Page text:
Halloween and Sustainability: Are They Mutually Exclusive?

  • Written by Laura Houghton
  • Published on 31 October 2019
  • Blogs

The popularity of Halloween is fast growing in the UK with the celebration turning into one of the country’s biggest cultural and commercial events. Statistics show that it is big business for high street retailers with consumer spending for Halloween products having almost doubled since 2013.

Research by the Fairyland Trust, in collaboration with Hubbub, found that an estimated 30 million people dress up for Halloween in the UK, with 90% of families buying their costumes. Great news for retailers and the economy but is the phenomenon having a negative impact on the planet?

How is Halloween impacting sustainability?

The Halloween Plastics Clothing and Costumes Report shows that an average of 83% of the materials in Halloween clothing items are oil-based plastics with the majority of the garment being made out of polyester. In 2017, the Ellen MacArthur Foundation reported that less than one percent of material used to produce clothing, such as polyester, is recycled. Segura’s blog investigates the effects of unsustainable plastic sourcing.

There is nothing scarier than our throwaway culture.

 Paula Chin, sustainable materials specialist at WWF


The estimated 7 million Halloween costumes that ended up as waste last year equates to 2,079 tonnes of plastic! Put into perspective, this is equivalent to 83 million plastic bottles worth of pollution.

Retailers must take greater responsibility to offer ranges for seasonal celebrations that don’t worsen the already worrying impact of plastic waste on our planet.

Trewin Restorick, chief executive of Hubbub

How retailers are tackling Halloween sustainably

Consumers are calling for the labelling of garments to be clearer and more consistent, enabling more informed choices. With the rise of the conscious consumer, retailers are seeking more sustainable materials for their Halloween costumes.

Industry giants Rubies and Smiffy’s have led the way by proactively seeking to source better materials for costumes. Smiffy’s Director Dominique Peckett revealed plans to start introducing both recycled fabrics and recycled fabric made from plastic, from early next year. Their plans extend to addressing their packaging; for example, packing wigs in recycled boxes.

Whilst they admit that the change in process has been a challenge, with sourcing more eco-friendly materials coming at a cost, retailers can tackle this by working collaboratively together and with fabric mills and suppliers to encourage the development of new technologies.

Rubie’s have taken a similar pro-active approach as part of their overall sustainability strategy. Holly Oldham, Managing Director, revealed:

 Rubie’s has been working on our own sustainability plan for some time and we can now manufacture costumes that are made from recycled fabrics and trims, bio-degradable glitter, ZDHC prints and bio-degradable packaging…The greater challenge is with whether or not consumers are willing to pay the extra to support sustainable products and this is an ongoing conversation with our retail partners.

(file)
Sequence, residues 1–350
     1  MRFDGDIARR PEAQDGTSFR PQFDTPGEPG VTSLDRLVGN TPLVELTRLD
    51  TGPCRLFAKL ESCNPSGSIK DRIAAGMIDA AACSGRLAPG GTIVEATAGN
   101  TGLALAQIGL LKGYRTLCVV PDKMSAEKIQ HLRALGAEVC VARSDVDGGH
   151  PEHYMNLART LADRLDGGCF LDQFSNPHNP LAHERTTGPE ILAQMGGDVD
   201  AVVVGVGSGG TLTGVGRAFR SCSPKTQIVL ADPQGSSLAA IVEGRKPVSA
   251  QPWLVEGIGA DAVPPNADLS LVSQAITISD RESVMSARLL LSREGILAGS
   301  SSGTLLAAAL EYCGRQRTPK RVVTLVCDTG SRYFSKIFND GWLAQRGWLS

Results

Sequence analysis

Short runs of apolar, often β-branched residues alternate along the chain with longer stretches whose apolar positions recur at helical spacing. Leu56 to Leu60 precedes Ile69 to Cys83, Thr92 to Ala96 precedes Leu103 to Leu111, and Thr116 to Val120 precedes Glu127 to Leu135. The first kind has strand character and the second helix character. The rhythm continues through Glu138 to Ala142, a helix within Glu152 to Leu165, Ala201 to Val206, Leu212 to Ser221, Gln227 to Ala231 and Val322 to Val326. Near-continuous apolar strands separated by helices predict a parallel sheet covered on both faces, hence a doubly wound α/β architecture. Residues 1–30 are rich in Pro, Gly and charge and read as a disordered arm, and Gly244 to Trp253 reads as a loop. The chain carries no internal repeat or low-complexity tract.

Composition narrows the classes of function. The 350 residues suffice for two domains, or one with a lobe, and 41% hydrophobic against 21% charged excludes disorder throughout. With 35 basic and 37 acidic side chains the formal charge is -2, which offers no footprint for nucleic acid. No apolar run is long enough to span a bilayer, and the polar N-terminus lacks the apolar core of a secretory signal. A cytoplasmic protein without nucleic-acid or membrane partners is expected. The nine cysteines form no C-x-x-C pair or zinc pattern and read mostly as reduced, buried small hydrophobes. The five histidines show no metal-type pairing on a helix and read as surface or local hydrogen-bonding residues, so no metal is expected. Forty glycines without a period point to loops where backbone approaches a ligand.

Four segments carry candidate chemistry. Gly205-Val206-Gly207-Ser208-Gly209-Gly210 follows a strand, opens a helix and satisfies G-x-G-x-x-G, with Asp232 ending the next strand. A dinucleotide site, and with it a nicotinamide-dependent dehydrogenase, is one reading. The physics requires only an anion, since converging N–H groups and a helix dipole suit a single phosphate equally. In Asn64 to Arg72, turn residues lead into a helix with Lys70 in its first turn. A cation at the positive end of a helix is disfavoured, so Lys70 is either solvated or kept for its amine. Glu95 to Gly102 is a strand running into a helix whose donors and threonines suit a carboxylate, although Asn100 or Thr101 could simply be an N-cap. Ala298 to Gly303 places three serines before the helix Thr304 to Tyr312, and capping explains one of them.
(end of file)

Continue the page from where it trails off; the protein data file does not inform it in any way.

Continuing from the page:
Major UK supermarkets have also joined the discussion about sustainable Halloween costumes. A spokesperson from Sainsbury's told Newsround, "our Halloween range is designed to be reused and enjoyed for many years,” demonstrating a focus on quality rather than quantity. Currently, they are working on sourcing sustainable alternatives.

This a strategy also adopted by Tesco, who have explained that their plans to source plastic alternatives on all Halloween products, including fabric trick or treat buckets rather than traditional plastic.

Where plastic features, we have manufactured it to ensure products can be re-used many times.


The future of sustainable sourcing for Halloween

The ability to gain a clear view of every step within a supply chain; where each component of a product has been sourced, where the product has been made and who has made it, is a real requirement in today’s world.

Having a transparent supply chain enables retailers to work with their suppliers to find more sustainable alternatives for their garments. Alternative materials and processes can lead to products with improved quality and a longer life cycle, better meeting consumer demand for Halloween costumes they can wear again.

With an industry-wide collaborative approach to sustainable sourcing, Halloween can have a less scary impact on the environment.


Sustainable Sourcing: Is it as Expensive as Buyers Think?

With KPI’s to meet, whilst ensuring social responsibility, it’s becoming increasingly difficult for brands and retailers to manage demand for sustainability. The question is, how can they strike the right balance?